Digital Version of March/April 2015
Digital Version of January/February 2015 Print Edition
Bills introduced to protect Americans’ data privacy
Senators Tom Carper (D-DE) and Roy Blunt (R-MO) reintroduced legislation last week aimed to protect consumers from identity theft and account fraud and to establish a common set of data breach laws across the U.S. for private and public organizations. The legislation comes shortly after another, similar piece of legislation was introduced by Senate Judiciary Committee Chairman Patrick Leahy (D-VT).
The Data Security Act of 2014 would require entities such as financial institutions, retailers, and federal agencies to better safeguard sensitive information, investigate security breaches, and notify consumers when there is a substantial risk of identity theft or account fraud. The new requirements would apply to businesses that take credit or debit card information, data brokers that compile private information, and government agencies holding nonpublic personal information.
It would supersede the current patchwork of U.S. data breach laws, according to its authors; about 49 states and U.S. territories have enacted laws governing data security and data breach notification standards. But such inconsistent standards mean public and private entities need to comply with multiple regulations, which can be inefficient and confusing for consumers. Senators Carper and Blunt also introduced the legislation in the last Congress.
The bill comes after a Jan. 10 announcement by Target that as many as 110 million of its customers may have had their personal data stolen during the holiday shopping season. Target first confirmed the breach on Dec. 19. On Jan. 10, Neiman Marcus also confirmed that it suffered a breach, although the breach’s extent has yet to be confirmed. Both companies have taken steps to notify customers and have said they are working with law enforcement.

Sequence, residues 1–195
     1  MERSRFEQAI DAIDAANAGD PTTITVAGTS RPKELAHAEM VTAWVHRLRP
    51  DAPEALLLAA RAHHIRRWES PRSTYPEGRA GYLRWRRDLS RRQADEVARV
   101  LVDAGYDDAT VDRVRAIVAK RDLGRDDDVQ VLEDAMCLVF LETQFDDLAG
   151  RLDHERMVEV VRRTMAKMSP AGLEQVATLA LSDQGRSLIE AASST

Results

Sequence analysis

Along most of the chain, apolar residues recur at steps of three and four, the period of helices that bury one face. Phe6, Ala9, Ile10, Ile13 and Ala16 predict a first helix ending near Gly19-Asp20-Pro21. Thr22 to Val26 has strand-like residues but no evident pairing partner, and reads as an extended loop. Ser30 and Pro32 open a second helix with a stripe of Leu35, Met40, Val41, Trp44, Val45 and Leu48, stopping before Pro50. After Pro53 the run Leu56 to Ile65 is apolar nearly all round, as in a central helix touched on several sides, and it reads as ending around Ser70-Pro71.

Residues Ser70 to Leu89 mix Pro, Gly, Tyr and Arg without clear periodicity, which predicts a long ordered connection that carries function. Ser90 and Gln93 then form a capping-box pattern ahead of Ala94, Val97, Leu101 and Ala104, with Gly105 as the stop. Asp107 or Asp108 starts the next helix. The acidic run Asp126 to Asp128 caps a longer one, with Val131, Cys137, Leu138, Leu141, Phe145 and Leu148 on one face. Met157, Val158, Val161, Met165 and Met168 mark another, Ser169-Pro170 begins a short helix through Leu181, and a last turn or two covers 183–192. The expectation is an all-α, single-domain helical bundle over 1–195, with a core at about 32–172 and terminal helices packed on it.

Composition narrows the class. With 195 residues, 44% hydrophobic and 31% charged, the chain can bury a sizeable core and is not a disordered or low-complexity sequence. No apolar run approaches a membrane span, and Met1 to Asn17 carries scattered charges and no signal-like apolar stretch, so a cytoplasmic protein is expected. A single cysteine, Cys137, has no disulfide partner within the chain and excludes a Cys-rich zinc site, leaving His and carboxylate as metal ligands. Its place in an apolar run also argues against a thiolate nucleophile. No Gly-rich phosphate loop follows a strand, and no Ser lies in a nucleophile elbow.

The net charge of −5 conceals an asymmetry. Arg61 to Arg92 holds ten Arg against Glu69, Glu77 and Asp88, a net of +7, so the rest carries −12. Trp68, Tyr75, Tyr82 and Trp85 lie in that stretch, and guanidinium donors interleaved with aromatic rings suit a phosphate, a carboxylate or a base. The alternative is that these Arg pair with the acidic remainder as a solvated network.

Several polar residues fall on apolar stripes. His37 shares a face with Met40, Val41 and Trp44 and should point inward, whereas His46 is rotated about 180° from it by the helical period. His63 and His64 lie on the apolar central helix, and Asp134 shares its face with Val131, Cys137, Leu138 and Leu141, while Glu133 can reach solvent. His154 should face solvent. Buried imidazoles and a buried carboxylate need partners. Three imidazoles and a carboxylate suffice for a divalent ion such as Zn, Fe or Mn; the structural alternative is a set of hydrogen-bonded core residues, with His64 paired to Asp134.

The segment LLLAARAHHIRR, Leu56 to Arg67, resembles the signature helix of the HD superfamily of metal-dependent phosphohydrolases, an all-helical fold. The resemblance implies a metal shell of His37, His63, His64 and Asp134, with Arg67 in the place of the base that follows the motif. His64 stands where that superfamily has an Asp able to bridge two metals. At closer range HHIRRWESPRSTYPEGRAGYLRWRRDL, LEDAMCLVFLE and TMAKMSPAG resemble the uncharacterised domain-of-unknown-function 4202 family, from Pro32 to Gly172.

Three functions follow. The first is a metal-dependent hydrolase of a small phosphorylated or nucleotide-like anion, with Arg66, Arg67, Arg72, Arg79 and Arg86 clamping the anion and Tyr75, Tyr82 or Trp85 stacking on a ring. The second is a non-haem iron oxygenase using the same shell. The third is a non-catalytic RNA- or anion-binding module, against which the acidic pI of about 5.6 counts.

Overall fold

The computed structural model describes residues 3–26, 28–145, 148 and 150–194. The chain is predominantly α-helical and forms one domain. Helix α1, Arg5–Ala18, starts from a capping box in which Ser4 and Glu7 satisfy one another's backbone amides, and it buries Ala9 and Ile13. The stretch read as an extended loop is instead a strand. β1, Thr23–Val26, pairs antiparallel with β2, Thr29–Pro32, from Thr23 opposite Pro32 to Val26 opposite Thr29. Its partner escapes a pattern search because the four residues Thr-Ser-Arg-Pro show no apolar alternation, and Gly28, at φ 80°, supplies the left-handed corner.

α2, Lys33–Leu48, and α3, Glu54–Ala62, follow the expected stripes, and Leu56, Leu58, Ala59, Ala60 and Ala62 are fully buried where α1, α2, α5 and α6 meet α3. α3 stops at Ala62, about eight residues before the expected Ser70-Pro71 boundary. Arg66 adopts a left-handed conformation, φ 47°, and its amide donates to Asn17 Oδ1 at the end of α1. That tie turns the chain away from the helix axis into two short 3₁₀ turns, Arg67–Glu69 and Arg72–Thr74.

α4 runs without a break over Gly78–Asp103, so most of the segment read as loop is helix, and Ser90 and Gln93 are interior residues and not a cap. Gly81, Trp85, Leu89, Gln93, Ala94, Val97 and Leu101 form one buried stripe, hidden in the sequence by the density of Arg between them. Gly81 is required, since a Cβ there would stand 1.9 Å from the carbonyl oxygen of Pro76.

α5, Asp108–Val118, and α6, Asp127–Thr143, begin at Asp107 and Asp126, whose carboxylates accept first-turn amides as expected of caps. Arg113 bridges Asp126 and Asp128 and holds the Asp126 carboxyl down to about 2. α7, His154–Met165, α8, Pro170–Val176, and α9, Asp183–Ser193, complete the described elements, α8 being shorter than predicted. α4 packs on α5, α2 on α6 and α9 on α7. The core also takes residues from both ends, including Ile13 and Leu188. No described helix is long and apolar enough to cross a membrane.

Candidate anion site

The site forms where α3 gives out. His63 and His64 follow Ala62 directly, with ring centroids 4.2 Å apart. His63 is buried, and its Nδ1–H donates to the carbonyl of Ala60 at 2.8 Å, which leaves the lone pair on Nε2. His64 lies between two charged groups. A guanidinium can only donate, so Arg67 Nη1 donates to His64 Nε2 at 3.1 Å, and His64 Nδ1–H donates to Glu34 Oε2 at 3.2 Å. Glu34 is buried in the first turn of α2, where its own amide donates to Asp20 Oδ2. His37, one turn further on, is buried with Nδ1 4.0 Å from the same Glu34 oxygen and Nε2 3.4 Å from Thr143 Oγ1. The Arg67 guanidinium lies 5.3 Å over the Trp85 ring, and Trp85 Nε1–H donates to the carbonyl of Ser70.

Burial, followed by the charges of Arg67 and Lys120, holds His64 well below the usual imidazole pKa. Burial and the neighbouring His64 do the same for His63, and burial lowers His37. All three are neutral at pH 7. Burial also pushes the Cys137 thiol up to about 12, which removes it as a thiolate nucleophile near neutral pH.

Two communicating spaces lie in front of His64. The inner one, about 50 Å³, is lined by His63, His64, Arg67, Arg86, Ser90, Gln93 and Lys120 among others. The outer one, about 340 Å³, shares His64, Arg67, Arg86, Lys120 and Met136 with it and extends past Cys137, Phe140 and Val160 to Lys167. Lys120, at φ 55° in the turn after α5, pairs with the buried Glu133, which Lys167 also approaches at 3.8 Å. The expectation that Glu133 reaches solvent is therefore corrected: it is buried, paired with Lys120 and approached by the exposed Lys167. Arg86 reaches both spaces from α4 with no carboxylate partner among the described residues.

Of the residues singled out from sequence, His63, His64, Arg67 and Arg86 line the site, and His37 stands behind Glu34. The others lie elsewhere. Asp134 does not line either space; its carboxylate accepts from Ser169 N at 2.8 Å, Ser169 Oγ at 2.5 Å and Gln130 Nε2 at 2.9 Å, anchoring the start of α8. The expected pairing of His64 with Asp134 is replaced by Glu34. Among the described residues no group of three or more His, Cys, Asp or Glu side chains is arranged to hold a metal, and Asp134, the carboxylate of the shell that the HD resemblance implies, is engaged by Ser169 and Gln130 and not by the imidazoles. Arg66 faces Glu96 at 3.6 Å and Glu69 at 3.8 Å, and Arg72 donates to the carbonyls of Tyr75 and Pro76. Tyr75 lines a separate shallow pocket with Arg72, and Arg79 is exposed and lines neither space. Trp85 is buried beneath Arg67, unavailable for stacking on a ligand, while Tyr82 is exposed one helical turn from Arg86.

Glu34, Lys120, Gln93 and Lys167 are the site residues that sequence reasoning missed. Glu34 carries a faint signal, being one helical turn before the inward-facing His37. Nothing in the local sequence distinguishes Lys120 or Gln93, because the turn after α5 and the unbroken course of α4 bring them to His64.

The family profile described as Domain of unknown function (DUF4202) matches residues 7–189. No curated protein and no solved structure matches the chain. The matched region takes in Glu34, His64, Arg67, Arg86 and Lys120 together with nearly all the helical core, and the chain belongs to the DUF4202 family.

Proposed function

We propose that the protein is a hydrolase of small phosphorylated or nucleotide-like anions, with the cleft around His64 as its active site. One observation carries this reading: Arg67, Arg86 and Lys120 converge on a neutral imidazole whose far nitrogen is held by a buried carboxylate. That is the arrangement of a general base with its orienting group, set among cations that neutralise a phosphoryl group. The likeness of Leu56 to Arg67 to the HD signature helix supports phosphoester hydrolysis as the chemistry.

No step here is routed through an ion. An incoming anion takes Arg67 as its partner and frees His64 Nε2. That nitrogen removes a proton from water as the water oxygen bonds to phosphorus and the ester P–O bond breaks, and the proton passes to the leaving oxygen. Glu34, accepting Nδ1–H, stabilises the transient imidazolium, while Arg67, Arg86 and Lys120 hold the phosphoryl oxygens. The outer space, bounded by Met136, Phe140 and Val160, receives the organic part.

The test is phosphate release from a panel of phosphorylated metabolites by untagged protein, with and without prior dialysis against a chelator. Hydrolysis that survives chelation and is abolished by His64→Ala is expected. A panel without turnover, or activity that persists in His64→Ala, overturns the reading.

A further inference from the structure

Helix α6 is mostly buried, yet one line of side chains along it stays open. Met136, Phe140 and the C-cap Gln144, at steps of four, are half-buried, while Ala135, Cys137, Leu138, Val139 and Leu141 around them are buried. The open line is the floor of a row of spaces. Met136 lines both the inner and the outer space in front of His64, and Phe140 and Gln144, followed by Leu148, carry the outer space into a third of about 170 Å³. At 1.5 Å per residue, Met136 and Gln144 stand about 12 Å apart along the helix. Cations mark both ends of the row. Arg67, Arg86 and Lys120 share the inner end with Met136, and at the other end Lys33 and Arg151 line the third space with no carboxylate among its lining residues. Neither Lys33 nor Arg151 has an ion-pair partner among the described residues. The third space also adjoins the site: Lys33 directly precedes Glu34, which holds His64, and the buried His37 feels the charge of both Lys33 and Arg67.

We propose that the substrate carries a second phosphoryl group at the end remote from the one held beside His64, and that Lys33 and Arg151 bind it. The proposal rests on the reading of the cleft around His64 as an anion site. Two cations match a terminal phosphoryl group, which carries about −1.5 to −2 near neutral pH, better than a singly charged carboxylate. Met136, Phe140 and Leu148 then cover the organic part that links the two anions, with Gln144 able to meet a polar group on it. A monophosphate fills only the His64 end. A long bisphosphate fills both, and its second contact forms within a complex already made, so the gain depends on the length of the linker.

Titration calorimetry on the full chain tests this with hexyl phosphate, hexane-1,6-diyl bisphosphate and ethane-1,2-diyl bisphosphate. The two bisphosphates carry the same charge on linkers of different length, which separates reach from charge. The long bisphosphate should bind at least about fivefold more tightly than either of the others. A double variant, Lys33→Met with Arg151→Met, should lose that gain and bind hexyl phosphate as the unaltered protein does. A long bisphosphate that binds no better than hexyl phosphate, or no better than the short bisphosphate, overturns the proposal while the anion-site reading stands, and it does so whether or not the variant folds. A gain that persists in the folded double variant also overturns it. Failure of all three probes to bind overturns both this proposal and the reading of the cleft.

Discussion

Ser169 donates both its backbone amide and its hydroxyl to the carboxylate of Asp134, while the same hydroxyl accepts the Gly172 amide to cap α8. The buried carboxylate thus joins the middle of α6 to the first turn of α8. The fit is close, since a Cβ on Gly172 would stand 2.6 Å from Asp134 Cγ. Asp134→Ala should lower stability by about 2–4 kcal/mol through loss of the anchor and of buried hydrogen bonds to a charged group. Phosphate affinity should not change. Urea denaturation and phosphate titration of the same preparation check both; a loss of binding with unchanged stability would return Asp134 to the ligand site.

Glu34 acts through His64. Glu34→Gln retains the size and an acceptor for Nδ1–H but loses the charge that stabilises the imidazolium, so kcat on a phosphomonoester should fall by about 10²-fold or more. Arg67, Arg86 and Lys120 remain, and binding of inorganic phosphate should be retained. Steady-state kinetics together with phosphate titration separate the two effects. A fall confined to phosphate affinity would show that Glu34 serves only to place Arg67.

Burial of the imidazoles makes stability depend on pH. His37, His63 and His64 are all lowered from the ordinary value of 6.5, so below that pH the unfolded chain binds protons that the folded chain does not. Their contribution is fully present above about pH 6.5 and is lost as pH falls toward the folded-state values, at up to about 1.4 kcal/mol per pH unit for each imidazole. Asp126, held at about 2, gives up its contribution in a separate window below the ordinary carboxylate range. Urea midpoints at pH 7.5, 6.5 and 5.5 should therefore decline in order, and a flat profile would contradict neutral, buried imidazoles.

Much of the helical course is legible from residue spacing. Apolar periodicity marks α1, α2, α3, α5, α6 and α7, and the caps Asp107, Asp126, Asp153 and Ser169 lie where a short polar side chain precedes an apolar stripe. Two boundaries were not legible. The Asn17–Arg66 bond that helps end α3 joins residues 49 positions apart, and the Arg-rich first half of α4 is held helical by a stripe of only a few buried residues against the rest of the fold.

“These recent breaches, and others before them, underscore the need for Congress to act to protect Americans against fraud and identity theft,” said Sen. Carper, in a statement. “For millions of Americans, data breaches can cause worry and confusion and, in some cases, serious financial harm. …This bipartisan and comprehensive approach would better serve consumers by ensuring that businesses and government agencies take the steps necessary to secure personal and financial information and respond swiftly and effectively in the unfortunate event of a breach.”
The Act requires organizations to investigate a breach when sensitive information has been compromised. They must also determine the type of information compromised or potentially compromised and determine whether the information will likely be used to cause an individual harm or bank fraud. If the information was compromised and will cause harm, entities must notify law enforcement officials, the appropriate federal government regulatory agency, and affected consumers. National consumer reporting agencies need to be notified when the breach affects over 5,000 consumers.
Another data breach bill, also establishing a national set of laws and including a host of measures aimed at protecting consumers’ personal data was introduced Jan. 8 by Sen. Patrick Leahy (D-Vt.). First introduced in 2005, the Personal Data Privacy and Security Act has been re-introduced in each of the last four Congresses. “Developing a comprehensive national strategy to protect data privacy and cybersecurity remains one of the most challenging and important issues facing our nation,” said Leahy. The bill is cosponsored by Senators Al Franken (D-MN), Chuck Schumer (D-NY), and Richard Blumenthal (D-CT).
Leahy also announced that the issue of data privacy would be the subject of a committee hearing early in the new Senate session.
Another major data breach bill, creating national standards and bolstering data protection was introduced last June by Sen. Pat Toomey (R-PA) and was cosponsored by Senators Angus King (I-MA) and John Thune (R-SD).